Trichoderma atroviride
Please note that this organism is for archival use only. Please see the current Trichoderma atroviride v2.0 site for the latest data and information.


Trichoderma atroviride (red) growing along the hyphae of a host fungus (green). Photo by Verena Seidl (TU Vienna) and Nick Read (Univ. of Edinburgh)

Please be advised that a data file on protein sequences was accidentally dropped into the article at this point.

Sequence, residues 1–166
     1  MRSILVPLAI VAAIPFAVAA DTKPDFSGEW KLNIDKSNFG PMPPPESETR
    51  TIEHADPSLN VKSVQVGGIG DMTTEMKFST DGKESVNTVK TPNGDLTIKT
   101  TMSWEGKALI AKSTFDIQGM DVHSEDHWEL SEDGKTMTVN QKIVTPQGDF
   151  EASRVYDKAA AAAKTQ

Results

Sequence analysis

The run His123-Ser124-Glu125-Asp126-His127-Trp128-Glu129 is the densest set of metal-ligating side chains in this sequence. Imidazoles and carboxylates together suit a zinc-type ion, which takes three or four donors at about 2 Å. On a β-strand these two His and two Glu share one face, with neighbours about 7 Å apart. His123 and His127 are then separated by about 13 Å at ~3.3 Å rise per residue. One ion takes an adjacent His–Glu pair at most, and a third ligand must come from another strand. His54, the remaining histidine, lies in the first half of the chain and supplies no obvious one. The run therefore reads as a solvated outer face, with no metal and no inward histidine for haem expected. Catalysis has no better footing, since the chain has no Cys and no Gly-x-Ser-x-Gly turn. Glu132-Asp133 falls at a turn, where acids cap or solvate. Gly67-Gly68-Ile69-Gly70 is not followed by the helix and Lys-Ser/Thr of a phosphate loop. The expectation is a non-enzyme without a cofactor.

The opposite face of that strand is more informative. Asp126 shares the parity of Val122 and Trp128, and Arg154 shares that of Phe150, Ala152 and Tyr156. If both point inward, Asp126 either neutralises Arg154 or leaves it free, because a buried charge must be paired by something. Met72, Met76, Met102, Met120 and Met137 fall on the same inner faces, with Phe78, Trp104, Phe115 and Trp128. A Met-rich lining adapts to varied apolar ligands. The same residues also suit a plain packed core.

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Trichoderma atroviride is a filamentous cosmopolitan fungus, commonly found in soil, and isolated from both tropic as well as temperate climates. It is best known for its biocontrol capabilities against a range of phytopathogenic fungi including Rhizoctonia solani and Botrytis cinerea, which are pests of hundreds of plant crops, including tomatoes, beans, cucumber, strawberries, cotton and grapes. The mechanisms of biocontrol have been studied in two strains of T. atroviride P1, (ATCC 74058) --a fungicide resistant mutant of an isolate from the UK-- and the wild-type isolate IMI 206040, from Sweden. These studies include the formation and characterization of various chitinases, beta-glucanases and proteases, regulation of their transcription and identification of some of the cis- and trans-acting factors; the formation of antibiotics, particularly 6-pentyl-alpha-pyrone and peptaibols; and the involvement of signal transductory cascades (G-proteins and MAP-kinases) in the above processes. In addition, T. atroviride has become a model system for blue-light induced conidiation and gene expression, as well as characterization of the blue light receptors, and the mechanism by which it can solubilize coal (involvement of laccases) has been investigated in some detail.